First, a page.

Measures sought to clear bottlenecks in logistics cost hinh anh 1Minister of Industry and Trade Tran Tuan Anh addresses the Vietnam Logistics Forum 2020 (Photo: VNA)

Hanoi (VNA)
– Measures to reduce logistics costs have received great attention from the Government and the business community to enhance the competitiveness of Vietnamese products.

Although many policies have been issued over the past years, Vietnam has still seen many bottlenecks in cutting down logistics costs, heard the Vietnam Logistics Forum 2020 held on December 26 by the Ministry of Industry and Trade (MoIT) in collaboration with Hanoi authorities and the World Bank (WB).

Logistics costs remain high

According to Dang Thi Minh Phuong, Chairwoman of Minh Phuong Logistics, logistics costs in Vietnam remain high, partly because the infrastructure system has yet to suit the development of the economy. Meanwhile, limitations in the use of daily rent services are also a factor pushing the costs up.

Underlining the unequal competition between domestic and foreign firms, Phuong noted that in many countries like Japan and the Republic of Korea, businesses have received great support to invest abroad, but domestic enterprises have yet to receive enough assistance.

“Low profits and high costs have led to unequal competition between domestic and foreign companies. At the same time, domestic service companies are competing fiercely with each other by cutting down their prices, resulting in modest profits. This is currently a problem of logistics firms,” she said.

Statistics from US’s survey company Armstrong & Associates showed that logistics costs in Vietnam are equal to 20.9 percent of the country’s GDP, much higher than that in other countries in the region such as China, Malaysia, Thailand and Singapore, doubling that in developed countries, and far above the average ratio in the world, at 14 percent.

In the costs, transportation fee is high, making up 30-40 percent of the price of a product, while the ratio is only 15 percent in other countries. This has lowered the competitiveness of Vietnamese products.

Vu Tien Loc, President of the Vietnam Chamber of Commerce and Industry (VCCI), held that three major problems leading to high logistics costs include infrastructure, administrative procedures, and connections between domestic and foreign businesses.

Synchronism from planning

Vietnam has about 400,000 logistics firms, but only 10 percent of them are large-scale, and the rest are small and medium-sized enterprises and even micro-sized firms, with limited capacity in terms of finance and technological connections.

Phung Tien Toan, Chairman of the Board of Director of Interserco, held that although the number of logistics centres has risen fast, the majority of them are small with few means of transportation.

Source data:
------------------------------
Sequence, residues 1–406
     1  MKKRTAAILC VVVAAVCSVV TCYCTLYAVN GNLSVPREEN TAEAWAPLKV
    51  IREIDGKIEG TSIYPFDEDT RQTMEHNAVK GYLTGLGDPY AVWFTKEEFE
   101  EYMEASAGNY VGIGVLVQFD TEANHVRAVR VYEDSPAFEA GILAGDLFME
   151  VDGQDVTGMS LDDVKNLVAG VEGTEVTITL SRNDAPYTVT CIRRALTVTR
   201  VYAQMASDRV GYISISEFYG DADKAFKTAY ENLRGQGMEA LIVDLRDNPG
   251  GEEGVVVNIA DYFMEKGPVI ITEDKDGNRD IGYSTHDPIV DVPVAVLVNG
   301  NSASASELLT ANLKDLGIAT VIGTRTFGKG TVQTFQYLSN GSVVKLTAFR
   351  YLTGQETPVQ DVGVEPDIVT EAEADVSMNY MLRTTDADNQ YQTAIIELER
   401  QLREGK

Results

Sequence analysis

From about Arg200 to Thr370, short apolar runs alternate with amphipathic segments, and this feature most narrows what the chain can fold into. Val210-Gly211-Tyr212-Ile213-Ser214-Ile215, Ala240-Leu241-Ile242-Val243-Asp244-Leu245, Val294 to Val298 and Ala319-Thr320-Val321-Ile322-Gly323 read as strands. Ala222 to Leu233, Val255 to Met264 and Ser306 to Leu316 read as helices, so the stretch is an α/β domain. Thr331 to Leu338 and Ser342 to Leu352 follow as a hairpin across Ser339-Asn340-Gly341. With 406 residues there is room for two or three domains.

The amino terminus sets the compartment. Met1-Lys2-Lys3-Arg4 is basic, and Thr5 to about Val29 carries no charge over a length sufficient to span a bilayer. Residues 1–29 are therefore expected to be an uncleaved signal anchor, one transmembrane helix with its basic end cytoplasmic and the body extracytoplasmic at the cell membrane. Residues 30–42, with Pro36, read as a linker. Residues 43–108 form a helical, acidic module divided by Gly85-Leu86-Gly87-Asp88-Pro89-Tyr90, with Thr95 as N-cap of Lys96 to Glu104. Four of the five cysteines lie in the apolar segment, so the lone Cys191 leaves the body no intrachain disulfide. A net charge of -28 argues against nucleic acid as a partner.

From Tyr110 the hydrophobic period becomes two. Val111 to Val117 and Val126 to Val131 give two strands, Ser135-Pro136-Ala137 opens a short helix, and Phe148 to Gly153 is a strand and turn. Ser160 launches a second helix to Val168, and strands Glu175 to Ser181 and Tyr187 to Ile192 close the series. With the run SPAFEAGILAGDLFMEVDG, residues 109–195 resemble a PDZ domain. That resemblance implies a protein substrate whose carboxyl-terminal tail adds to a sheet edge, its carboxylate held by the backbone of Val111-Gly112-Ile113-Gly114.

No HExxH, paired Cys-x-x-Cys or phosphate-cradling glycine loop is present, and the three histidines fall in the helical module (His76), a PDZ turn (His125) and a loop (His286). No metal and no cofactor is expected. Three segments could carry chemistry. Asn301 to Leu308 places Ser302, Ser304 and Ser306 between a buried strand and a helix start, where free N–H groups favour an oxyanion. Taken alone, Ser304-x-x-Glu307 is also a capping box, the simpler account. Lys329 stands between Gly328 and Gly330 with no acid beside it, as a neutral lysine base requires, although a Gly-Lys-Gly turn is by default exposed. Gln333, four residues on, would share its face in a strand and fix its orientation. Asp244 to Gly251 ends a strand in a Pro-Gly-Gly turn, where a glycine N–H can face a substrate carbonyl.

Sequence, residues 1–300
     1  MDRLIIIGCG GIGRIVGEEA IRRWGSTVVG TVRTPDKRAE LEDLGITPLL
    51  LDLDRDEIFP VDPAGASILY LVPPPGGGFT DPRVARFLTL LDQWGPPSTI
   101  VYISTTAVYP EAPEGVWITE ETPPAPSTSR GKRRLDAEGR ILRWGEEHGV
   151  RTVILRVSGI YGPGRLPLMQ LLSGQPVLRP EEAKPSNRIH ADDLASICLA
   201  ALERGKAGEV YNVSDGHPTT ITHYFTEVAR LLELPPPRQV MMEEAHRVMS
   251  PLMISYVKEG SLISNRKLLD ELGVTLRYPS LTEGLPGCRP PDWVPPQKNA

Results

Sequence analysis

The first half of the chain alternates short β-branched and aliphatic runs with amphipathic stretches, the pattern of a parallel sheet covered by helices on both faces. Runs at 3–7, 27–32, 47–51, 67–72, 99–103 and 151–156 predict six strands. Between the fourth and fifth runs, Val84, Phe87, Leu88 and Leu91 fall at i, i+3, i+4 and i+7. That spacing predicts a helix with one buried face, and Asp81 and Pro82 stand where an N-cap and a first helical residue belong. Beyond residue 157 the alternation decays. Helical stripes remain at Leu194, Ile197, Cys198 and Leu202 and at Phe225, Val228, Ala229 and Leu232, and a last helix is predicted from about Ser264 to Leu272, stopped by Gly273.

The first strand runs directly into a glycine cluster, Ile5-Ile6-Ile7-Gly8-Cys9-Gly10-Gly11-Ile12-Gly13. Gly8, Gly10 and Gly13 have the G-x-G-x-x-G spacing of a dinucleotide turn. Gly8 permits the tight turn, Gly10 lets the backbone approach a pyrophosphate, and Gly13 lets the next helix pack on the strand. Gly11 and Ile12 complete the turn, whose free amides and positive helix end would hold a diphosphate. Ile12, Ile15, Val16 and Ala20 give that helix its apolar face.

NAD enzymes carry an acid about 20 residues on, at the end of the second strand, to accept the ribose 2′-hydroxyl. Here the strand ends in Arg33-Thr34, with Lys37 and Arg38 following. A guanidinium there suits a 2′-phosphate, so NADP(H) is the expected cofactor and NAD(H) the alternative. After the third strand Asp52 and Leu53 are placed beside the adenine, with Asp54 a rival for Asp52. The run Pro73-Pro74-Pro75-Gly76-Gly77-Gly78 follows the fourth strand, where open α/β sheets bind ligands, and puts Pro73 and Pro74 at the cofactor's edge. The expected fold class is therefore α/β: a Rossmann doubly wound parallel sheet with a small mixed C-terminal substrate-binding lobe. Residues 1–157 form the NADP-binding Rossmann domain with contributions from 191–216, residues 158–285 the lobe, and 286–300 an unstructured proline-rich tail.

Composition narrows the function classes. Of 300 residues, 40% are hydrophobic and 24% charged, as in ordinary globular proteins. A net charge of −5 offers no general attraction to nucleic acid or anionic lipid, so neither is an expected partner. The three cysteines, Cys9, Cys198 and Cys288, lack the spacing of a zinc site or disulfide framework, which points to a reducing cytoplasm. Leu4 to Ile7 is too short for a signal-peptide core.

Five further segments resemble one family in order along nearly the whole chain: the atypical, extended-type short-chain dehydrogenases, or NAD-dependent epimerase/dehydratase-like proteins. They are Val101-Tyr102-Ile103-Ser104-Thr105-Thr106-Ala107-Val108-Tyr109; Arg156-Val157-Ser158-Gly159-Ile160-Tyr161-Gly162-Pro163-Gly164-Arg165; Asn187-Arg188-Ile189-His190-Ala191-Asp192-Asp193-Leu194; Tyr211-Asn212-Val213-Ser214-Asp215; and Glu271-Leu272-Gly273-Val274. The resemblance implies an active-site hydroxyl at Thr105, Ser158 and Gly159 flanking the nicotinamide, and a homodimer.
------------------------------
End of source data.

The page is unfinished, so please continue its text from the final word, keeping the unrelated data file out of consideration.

Therefore, to meet the economic development demand, Toan suggested that the State should devise support policies for the firms in terms of fee and tax, while providing them with special policies in construction.

Meanwhile, Le Quang Trung, Deputy General Director of the Vietnam Marine Corporation, the reduction of logistics fees is not merely cutting down the price of stages but it needs a comprehensive and synchronous solution on the basis of information technology and a standardised process.

He stressed that “time is money,” thus it is necessary to reduce the fees for ship docking, storage and transporting to meet the demand of production in factories, thus enhancing the competitiveness.

Secretary of the Hanoi Party Committee Vuong Dinh Hue addresses the forum (Photo: VietnamPlus)

Vietnam has set an annual growth target of 15-20 percent for the logistics sector, making up 8-10 percent of the country’s gross domestic product (GDP). Besides, logistics costs are also expected to reduce, equivalent to 16-20 percent of the GDP, while the country’s ranking in the Logistics Performance Index (LPI) is hoped to be at the 50th position or higher.

To this end, Deputy Prime Minister Trinh Dinh Dung asked ministries and sectors to focus on completing regulations, mechanisms and policies related to logistics, while mobilising resources and seeking solutions to cut down costs and promote the growth of logistics in all aspects of road, waterway, railway, airway, and in each region and locality.

He also underlined the need for comprehensive solutions in terms of fees, taxes and customs, thus shortening time and enhancing quality, reducing costs for logistics activities.

The Deputy PM also requested ministries and sectors to review their planning and plans to ensure connectivity in transportation infrastructure.

Planning in industrial, agricultural production, import-export activities as well as socio-economic development in localities should also remain connected, thus making a system of logistics centres, ports and bonded warehouse, he said./.